The city of Melbourne is regarded as the artistic capital of Australia. It has a long and glorious history celebrating the arts and is likewise home to many artists. The city and its citizens are known for being liberal, coffee drinking bohemians in a cityscape that would be fitting for Europe with it’s eclectic mix of neo-classical, Victorian and modern architecture. The laid back attitude of the inhabitants coupled with festivities and culture have marked out the city as the most liveable city in the world for many years. (1) Art quite literally spills out into the streets via local and international buskers performing daily to an appreciative and generous public. The support and love of street art in Melbourne has made it an internationally renowned city of street art. (2)
Unfortunately things are changing. In the last twelve months there has been a dramatic rise in homelessness, (3) with art being pushed aside for tents and bedding on the main streets. Likewise the associated filth from people living on the streets such as bodily waste, garbage and drug use clutter the iconic bluestone pavers that make the sidewalk.
The city council and state government have invested significant funds into new emergency housing and social services, but until these ventures finalise in the politicking process the issue remains on the street. (4)
To make matters worse the city is currently governed by an out of touch, conservative, mayor who does not hold the same values as the cities citizens. Cr. Robert Doyle was elected in 2008, literally within minutes of his win he vouched for cleaning up the streets, attacking buskers whom he equated to ‘bogans’, a slang term for an uncultured Australian. (5)
Since then Melbourne’s buskers have been facing troubles from the once supportive council by the cities by-laws officers that bully and hand out hefty fines for minor infractions, tightening of the confusing, contrary and legally questionable busking regulations and also the once free busking permits now have fees. Finally last week the council announced a ban of amplification on the main street of Melbourne, (6) effectively destroying the livelihood of artists and bringing an end to Melbourne’s international busking reputation.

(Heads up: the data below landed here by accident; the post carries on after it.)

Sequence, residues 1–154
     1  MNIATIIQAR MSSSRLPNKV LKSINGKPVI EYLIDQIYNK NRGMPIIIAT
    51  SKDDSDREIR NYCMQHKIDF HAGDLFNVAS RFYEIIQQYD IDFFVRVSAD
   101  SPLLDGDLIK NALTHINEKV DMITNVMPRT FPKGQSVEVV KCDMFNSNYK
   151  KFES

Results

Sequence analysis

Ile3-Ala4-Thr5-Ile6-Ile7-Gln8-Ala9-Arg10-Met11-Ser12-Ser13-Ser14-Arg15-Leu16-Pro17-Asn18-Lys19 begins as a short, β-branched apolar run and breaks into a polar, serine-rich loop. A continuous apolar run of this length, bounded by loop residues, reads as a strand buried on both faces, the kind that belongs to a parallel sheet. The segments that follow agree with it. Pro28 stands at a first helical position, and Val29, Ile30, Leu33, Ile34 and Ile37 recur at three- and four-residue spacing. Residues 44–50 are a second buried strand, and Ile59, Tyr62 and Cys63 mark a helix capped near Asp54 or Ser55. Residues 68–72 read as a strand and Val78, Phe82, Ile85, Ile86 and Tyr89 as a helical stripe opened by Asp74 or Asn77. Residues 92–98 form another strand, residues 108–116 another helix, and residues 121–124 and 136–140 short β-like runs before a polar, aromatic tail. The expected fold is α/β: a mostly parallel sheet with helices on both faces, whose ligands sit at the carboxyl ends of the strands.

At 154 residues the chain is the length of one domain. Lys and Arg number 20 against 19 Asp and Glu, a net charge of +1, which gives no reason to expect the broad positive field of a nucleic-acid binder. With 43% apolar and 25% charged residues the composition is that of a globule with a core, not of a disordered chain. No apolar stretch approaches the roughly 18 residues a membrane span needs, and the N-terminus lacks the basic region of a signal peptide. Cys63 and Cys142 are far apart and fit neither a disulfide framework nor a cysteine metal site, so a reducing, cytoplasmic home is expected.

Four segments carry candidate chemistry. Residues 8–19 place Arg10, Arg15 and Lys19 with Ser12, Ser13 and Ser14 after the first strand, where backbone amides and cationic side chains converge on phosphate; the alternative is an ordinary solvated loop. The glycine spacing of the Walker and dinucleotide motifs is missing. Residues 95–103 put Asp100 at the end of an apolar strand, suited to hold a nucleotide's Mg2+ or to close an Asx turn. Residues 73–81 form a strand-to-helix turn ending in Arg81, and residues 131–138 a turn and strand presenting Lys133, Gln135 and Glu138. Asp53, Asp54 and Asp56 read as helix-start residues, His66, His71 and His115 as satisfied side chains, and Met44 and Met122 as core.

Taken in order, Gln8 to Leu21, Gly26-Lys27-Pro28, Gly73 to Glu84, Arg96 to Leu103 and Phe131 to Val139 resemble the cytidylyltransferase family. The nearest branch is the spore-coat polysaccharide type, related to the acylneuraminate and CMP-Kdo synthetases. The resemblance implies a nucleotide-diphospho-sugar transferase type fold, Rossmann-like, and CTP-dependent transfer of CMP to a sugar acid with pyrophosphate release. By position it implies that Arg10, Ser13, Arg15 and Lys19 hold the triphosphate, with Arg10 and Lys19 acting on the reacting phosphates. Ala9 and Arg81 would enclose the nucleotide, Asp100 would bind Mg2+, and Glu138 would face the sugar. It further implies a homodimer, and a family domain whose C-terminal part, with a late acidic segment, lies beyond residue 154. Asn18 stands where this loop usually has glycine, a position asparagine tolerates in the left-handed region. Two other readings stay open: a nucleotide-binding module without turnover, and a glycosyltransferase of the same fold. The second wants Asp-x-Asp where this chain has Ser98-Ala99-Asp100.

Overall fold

This ban is being proposed as a trial but as these things work out it will most likely become permanent. The council is citing 264 complaints being made about loud buskers, but sometimes fail to state that these complaints were made over a three and a half year time period. Likewise they fail to state if the complaints are from repeat complainers and also if the complaints are city wide. The council is refusing to acknowledge that while there are complaints there are countless compliments to buskers by the public via donations given to buskers. Similarly the council is refusing to acknowledge the academic research (7, 8) that supports buskers place within the cultural and social landscape and that it has been determined that buskers reduce crime in the area they play and generate a safe atmosphere – something that should be encouraged during this homeless crisis.
Instead Cr. Robert Doyle has taken to right-wing media outlets to vent his personal hatred against buskers and art. Putting an undue negative emphasis on buskers at a time when he has no power to deal with the increasing homeless issue, while also heading to election in October 2016. It is painfully obvious that he is attempting to scapegoat buskers to give the public an impression that he is ‘cleaning up the streets’ meanwhile attacking the artistic foundations and cultural heritage that make this city the best in the world.
Want to support Melbourne’s street art?
There is a protest to be held on the 12pm 20th of July 2016 at the town hall: https://www.facebook.com/events/1628420710819829/
Citations & Notes:
7 & 8
Susie J. Tanenbaum, Underground Harmonies: Music and Politics in the Subway of New York
Below is new study of busking regulations in Melbourne and Sydney by Julia Quilter and Luke McNamara of the University of Melbourne. It studies the history and current legal status of laws being use by the CoM to regulate busking. The conclusion of the review is positive, but it also highlights the legal ‘greyness’ of the laws being used to enforce the permit system and this recent banning on Swanston Street.
Companion article that summarises the above findings: